Ethnobiology of saps, resins, and latexes

William Balée
Steven A. Weber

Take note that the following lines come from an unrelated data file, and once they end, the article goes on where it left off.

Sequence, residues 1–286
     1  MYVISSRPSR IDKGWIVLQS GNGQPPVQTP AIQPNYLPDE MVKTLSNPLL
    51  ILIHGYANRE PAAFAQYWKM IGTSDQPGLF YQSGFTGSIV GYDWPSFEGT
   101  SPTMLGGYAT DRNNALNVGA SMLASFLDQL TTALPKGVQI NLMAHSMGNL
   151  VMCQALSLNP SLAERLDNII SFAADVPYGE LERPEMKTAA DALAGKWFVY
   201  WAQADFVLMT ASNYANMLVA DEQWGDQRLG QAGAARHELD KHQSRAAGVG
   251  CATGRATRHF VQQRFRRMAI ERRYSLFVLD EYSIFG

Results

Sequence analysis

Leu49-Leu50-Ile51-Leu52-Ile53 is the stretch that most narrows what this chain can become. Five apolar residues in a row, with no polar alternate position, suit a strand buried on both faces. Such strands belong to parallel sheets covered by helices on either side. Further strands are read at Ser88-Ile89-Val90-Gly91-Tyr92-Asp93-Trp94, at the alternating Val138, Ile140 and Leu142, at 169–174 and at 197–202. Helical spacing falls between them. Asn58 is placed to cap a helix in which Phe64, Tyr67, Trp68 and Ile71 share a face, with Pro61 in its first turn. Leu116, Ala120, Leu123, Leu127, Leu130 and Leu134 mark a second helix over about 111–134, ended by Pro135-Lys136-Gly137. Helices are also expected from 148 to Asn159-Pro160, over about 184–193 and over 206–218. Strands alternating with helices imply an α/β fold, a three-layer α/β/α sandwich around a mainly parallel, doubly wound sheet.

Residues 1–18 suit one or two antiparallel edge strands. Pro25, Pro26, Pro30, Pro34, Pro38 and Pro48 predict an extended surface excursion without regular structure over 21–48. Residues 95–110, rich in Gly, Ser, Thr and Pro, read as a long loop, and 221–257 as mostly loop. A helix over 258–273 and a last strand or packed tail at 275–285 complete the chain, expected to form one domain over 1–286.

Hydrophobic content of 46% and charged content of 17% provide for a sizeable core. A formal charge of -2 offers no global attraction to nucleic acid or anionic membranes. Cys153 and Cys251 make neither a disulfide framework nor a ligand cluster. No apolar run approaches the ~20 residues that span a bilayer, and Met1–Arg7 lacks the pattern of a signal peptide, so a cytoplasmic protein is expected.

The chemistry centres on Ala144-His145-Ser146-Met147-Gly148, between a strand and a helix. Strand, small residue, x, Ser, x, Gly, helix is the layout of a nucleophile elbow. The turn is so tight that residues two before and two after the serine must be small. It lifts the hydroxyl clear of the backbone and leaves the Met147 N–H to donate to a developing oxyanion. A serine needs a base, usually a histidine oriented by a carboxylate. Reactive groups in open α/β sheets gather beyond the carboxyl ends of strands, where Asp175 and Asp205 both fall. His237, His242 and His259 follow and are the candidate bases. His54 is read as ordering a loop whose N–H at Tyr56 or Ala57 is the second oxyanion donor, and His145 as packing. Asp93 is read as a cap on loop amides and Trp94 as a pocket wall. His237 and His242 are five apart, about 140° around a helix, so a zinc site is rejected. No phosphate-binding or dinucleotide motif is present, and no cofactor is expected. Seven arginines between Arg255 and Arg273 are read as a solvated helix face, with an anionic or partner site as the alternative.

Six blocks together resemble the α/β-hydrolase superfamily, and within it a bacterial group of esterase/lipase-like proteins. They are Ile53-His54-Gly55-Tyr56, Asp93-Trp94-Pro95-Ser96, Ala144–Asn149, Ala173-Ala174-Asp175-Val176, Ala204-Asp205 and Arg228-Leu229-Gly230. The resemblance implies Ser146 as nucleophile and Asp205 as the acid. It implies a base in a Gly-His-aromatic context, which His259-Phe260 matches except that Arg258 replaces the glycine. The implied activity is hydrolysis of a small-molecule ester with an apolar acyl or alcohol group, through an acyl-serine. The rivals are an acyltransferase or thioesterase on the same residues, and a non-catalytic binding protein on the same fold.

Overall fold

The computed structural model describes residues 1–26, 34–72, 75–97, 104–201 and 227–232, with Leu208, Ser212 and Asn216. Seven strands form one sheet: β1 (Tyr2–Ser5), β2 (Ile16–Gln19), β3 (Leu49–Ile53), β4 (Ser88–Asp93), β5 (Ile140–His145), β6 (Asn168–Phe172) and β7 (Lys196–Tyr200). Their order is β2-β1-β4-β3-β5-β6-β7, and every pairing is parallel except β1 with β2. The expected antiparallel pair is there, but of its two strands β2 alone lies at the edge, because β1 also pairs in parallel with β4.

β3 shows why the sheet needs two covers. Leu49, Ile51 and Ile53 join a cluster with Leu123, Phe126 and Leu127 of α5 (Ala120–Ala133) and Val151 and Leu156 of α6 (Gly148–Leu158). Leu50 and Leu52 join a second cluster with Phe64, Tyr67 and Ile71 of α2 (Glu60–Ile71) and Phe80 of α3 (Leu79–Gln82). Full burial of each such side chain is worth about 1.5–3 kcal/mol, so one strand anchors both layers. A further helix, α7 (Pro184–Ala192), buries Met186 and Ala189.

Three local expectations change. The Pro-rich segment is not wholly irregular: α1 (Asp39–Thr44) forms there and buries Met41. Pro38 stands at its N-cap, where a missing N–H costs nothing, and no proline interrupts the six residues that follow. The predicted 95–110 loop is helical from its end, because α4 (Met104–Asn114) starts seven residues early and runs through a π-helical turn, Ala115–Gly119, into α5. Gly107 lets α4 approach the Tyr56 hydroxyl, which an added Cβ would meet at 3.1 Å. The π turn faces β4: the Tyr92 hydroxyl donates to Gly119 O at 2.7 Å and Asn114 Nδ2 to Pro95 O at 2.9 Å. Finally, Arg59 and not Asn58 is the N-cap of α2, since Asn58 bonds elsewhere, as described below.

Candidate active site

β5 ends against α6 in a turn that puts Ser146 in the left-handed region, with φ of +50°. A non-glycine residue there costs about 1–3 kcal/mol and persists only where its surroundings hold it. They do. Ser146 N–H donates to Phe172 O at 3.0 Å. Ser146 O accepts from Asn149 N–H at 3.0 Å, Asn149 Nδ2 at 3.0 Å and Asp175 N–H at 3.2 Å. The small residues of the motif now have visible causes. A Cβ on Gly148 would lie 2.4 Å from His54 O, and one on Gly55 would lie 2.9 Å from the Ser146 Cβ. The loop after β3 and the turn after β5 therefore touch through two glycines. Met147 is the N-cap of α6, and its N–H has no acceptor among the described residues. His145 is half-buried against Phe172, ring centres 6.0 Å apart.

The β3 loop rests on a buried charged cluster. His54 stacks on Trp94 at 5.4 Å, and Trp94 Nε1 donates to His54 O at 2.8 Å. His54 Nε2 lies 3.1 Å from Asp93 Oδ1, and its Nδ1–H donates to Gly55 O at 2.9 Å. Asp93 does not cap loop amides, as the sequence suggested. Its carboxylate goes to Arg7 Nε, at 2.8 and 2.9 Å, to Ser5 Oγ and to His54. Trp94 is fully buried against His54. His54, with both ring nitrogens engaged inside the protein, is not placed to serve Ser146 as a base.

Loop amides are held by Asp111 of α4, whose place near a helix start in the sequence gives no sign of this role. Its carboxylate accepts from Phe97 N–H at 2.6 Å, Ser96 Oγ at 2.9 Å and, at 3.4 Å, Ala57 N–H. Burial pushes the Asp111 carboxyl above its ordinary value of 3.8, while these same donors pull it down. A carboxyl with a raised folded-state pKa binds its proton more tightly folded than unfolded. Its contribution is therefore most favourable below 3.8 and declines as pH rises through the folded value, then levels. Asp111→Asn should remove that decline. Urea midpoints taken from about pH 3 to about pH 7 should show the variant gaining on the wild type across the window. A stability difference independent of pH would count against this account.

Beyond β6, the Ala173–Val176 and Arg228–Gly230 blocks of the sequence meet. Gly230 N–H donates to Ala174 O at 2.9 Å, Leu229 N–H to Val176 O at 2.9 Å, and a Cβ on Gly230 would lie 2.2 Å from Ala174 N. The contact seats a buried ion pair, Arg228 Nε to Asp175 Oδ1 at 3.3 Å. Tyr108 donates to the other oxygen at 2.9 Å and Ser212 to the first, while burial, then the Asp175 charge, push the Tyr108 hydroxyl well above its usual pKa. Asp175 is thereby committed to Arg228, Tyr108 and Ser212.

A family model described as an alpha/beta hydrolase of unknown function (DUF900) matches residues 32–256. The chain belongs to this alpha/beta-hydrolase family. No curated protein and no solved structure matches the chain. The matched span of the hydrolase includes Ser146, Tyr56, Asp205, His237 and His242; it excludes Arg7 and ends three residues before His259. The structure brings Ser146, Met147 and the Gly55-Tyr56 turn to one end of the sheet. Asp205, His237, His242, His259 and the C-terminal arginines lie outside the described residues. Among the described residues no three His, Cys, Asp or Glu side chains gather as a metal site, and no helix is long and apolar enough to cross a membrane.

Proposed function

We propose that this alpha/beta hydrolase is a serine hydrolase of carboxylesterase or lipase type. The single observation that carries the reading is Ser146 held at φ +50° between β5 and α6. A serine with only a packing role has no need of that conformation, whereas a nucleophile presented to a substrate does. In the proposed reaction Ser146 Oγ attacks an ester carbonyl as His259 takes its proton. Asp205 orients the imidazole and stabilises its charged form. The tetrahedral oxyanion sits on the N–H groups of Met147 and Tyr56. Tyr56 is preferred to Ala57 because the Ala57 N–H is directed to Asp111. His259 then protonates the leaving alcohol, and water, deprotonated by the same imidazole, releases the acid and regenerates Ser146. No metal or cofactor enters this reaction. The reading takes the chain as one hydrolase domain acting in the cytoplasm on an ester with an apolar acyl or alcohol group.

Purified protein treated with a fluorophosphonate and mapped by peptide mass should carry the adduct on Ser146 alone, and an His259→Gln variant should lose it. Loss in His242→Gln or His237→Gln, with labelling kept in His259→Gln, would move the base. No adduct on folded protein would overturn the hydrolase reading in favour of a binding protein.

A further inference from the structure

The ethnobiology of saps, resins, and latexes--from diverse trees in forests worldwide--concerns how people use and classify these species, and whether they are domesticated or not. The uses are not unlimited: they include food and gums (edible saps, resins, syrups, and gums); sealants (from resins in the Burseraceae and saps in the Anacardiaceae); and as generalized polymer with multiple uses (as with Hevea brasiliensis and numerous species of Moraceae and Sapotaceae). In many cases, the raw materials produced exhibit allergens, as in the case of the rubber tree (Euphorbiaceae), the fig tree (Moraceae), and the lacquer tree (Anacardiaceae).  The uses of many of these trees diverge, a fact that is more salient depending on the particular species and its characteristics, suggesting the possibility of probably universally important and useful properties among diverse phyla of plants. Comparison can yield insights into the most suitable methods for helping maintain cultural traditions (as with traditional commodities produced from saps, resins, and latexes) as well as the most likely means of preserving the diversity of the relevant tree species themselves.